A new support industry. Share of labor is the oldest economic principle. And it also helps at Threadless. The article reports about Cody Petruk, a graphic designer for a Canadian software company who owns "about 60" Threadless tees and has seen three of the 13 designs he's submitted get printed. But Petruk also runs a web-site, threadies.org, which supports user designers to participate and win in the Threadless contests. A consultancy for t-shirt designer (McKinsey and BCG, listen!).
The limits of the Threadless model.
"But there are also questions about how much growth a community can endure before it stops feeling like a community. Right now the site is a free-flowing and very entertaining mix of design submissions, which registered users grade on a scale of one to five, blog postings about the designs, links back to other projects and, of course, the store. In a recent week, Nickell says, they had almost 10 million page views from just 500,000 unique visitors.
But already, some longtime site users grumble that as the group has grown, the designs have moved away from their artsy roots and become too cutesy, too clever or too pop. The all-time best-selling Threadless shirt certainly isn't cute. Called "Flowers in the Attic," it depicts a svelte young woman shooting herself in the head, causing birds to fly out. The company has sold 30,000 already, compared to a typical first printing of 1,200 shirts, and is printing another 10,000 for the holiday sales rush."
And the article finishes with a job offer: The Threadless founders are currently considering to hire a COO to run the daily business of the company. Condition: a suit and no t-shirts.
After the article has been published, the Threadless users commented quite enthusiastically. One comment, posted by Radioactivejosh a few hours after the article was published, provides a great perspective why users love Threadless:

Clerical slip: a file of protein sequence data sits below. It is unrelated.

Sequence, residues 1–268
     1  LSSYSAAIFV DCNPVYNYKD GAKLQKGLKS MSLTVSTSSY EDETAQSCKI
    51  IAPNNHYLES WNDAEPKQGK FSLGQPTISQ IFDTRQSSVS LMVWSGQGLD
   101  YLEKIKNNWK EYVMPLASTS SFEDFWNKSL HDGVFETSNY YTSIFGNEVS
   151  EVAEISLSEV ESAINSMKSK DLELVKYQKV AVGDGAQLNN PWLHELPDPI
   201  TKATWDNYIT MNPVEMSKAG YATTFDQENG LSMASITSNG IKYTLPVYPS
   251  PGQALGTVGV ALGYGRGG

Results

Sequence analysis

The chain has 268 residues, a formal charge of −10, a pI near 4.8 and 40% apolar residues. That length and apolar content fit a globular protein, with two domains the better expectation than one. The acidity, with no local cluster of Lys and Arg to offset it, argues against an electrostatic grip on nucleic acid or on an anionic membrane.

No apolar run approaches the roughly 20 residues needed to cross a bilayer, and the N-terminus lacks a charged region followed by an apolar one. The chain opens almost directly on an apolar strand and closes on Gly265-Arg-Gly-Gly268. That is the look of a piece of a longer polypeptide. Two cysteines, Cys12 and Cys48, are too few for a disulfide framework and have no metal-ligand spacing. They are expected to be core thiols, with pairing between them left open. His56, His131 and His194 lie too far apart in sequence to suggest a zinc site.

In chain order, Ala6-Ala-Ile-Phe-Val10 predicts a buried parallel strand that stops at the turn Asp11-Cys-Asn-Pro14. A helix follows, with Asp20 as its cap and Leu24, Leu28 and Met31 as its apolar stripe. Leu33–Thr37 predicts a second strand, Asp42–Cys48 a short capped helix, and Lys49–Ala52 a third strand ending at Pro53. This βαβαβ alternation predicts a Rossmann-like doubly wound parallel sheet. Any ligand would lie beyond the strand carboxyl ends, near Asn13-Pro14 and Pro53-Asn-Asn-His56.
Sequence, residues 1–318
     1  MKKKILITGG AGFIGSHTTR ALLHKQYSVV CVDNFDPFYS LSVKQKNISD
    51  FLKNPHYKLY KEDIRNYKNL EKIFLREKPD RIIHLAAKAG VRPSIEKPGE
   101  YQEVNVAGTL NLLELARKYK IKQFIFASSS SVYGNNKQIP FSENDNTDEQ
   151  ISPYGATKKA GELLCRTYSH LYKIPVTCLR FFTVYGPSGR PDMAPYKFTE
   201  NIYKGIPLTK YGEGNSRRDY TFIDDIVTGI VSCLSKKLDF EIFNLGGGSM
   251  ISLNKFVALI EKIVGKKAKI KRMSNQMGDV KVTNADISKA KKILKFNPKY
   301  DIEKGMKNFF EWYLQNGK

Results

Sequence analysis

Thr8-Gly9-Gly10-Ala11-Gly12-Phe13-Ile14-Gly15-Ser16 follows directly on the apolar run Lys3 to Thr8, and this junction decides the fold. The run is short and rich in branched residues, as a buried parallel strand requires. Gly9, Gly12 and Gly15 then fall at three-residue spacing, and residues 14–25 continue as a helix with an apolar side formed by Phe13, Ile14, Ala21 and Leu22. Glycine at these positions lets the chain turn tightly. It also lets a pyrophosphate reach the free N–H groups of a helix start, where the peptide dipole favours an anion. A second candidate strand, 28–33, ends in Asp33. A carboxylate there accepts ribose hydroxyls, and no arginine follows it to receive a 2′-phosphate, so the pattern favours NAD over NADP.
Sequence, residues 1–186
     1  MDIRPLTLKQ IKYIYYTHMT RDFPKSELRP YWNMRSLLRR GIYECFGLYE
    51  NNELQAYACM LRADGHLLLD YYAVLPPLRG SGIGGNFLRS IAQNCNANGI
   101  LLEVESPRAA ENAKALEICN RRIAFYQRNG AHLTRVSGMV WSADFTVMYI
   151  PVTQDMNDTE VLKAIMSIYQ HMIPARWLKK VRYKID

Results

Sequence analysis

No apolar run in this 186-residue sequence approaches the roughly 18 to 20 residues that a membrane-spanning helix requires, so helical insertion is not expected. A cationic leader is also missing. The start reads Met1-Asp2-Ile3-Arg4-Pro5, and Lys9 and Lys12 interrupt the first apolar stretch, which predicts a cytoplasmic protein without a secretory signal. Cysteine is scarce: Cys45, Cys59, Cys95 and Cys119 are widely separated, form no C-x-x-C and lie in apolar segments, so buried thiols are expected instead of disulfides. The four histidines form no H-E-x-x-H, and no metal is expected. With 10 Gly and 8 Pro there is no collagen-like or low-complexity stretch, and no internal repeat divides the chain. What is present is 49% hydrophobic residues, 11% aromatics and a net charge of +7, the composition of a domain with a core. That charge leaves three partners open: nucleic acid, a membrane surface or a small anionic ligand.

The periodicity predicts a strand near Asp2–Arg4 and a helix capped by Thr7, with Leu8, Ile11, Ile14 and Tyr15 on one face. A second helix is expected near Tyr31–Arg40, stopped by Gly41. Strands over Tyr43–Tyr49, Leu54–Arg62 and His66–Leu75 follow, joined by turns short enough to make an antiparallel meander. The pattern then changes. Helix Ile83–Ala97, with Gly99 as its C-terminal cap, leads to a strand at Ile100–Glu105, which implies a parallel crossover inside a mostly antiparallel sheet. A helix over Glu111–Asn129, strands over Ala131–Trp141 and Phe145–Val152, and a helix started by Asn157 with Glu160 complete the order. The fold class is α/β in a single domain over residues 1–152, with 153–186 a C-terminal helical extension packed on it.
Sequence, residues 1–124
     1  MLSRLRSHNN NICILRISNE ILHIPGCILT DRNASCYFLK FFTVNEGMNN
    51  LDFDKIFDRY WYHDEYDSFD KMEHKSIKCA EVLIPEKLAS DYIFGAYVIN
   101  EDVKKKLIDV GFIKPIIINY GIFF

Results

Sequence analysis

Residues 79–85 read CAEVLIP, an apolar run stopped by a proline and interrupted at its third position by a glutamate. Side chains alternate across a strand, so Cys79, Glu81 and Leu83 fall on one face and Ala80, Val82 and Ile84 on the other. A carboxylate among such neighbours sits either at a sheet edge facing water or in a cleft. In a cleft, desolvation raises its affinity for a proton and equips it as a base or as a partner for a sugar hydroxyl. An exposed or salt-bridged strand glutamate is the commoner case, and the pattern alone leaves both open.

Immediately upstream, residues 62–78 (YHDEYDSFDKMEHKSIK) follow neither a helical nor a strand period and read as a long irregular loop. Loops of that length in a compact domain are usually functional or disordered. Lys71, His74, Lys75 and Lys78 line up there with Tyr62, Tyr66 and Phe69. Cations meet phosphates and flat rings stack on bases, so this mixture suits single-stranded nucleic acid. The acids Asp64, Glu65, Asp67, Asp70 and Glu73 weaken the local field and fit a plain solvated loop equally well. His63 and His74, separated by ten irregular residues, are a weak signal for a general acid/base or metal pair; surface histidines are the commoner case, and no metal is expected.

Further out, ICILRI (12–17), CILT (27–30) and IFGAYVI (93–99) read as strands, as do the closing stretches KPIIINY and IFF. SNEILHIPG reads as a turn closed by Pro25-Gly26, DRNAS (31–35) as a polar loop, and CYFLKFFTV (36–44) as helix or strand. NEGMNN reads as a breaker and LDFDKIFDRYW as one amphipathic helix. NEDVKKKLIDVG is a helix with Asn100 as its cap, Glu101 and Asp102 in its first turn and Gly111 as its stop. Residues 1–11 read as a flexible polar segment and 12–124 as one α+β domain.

"The article hit it right on point; we don't just buy the shirts for the design, but for the story, the meaning, the explanation and the excitement of new prints. It all plays a factor. If I didn't read the explanation of Poet-Trees and I just saw it in Target, it would mean nothing to me. ...
I LOVE when i see people with Threadless tees, because i feel like I know them. They understand the shirts, they visited the site and browsed and saw something they liked. They weren't just trying to be trendy and went into Urban Outfitters ad bought a tee shirt they saw. Threadless tees have a lot more going into them than just buying them."
- The entire Chicago Tribune article in full text.
- The article with all pictures as an user scan.
- Discussion about the article at Threadless with more customer voices.
- My report on Threadless in this blog
- How Look-Zippy developed the Threadless model further
PS: If you want to know EVERYTHING about the upcoming T-Shirt-Economy: Adam Fletcher, who wrote his master thesis about Threadless and is now working for Spreadshirt, maintains a great blog about t-shirts, with plenty of references to mass customization and user co-design: www.hiphipuk.co.uk